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Most Schizophrenia Bloggers Paint Unnecessarily Bleak Picture

If anybody came to me today asking my advice about how best to treat schizophrenia, who am I to tell them what to do? Anything I say would imply that I have all the answers, and I don't. From time to time I look at other people's blogs on schizophrenia, blogs written by people who do not embrace the same "try anything remotedly feasible" approach that I do. I like to look at what the competition is doing.

The competition is rarely upbeat. The competition seems sad, very sad, about their relatives. They are sad about themselves. They have tried everything, done everything, and nothing has worked it seems. Their relatives are still hospitalized/group homed/dead/take your pick.

No two family situations are alike, but I do sense a pattern. The downbeat bloggers (DBs) tend to medicalize their relative's mental health condition. This means they fully respect the label and, while not happy with the efficacy of the drugs, they go along with the idea that the drugs are essential to their family member's "functioning," as they term it. Once they have bought into the medical model, their interests begin to extend outward to urge the community to accomodate their relative and others. It all sounds reasonable, doesn't it, to want to try to improve society when you have the requisite insight and experience.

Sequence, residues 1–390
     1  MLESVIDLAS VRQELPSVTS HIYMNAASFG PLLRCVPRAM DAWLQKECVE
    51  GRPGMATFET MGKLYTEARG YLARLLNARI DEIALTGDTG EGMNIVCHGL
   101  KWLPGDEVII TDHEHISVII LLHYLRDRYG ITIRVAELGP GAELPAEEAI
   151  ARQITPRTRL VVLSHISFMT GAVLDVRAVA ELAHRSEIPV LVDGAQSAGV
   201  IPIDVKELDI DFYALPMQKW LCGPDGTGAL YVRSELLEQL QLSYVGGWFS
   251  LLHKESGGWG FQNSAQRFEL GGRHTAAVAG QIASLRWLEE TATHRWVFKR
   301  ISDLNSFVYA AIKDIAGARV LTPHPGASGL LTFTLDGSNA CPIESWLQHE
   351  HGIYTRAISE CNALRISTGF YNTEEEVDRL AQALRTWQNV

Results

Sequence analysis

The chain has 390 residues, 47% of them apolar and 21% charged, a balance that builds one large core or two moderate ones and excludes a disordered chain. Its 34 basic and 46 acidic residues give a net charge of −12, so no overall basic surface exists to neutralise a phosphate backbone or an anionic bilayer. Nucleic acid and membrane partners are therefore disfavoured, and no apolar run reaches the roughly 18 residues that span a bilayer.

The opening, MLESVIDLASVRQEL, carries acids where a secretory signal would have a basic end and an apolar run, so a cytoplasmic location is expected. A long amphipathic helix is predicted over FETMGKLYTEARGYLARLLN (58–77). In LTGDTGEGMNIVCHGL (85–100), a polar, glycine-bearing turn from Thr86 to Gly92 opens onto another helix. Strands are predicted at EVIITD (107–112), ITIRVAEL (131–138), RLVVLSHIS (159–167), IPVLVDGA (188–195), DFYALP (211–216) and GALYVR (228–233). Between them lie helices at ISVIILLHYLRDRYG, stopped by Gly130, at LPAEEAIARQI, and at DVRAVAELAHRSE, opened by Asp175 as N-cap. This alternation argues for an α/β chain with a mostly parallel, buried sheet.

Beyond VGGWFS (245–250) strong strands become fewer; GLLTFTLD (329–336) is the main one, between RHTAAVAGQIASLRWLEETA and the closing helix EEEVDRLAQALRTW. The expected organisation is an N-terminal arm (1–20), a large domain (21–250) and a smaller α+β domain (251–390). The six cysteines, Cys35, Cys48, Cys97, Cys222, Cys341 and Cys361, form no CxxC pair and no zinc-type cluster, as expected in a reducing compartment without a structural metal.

It seems to me, however, that the DBs don't want to change themselves, they want to change their relative, and failing that, to change others.

If these bloggers were more cheerful about their own family member, I would think they were on to something that might work for others.

In order to arrive at this blast of insight, I took the advice of former patients, who are almost unanimous in their condemnation of the medical model. I strongly suspect that the reason the downbeat bloggers don't ask former patients for their advice is because they do not believe mental illness is curable. There are no former patients in their mindset. There are only the misdiagnosed former patients. DBs are doomed from the beginning if this is how they feel.

Obiously, there is a place for professional help. However, the goal is to distance yourself and your relative as soon as possible from becoming overly dependent on professionals' advice and their hold on your life. The idea is to empower yourself by believing in the innate human ability to rise above adversity. People actually can cheer themselves up by empowering themselves. Nobody is born mentally ill. People become "mentally ill." If a relative is troubled, this is an opportunity to examine your own life, to see how your thoughts become actions that have an impact on others. I often think that the person with the mental illness is the person who has managed to escape from somebody else's power over their life. They have checkmated the person. They have put them in their place. It's really odd and unproductive (albeit creative), but it works.


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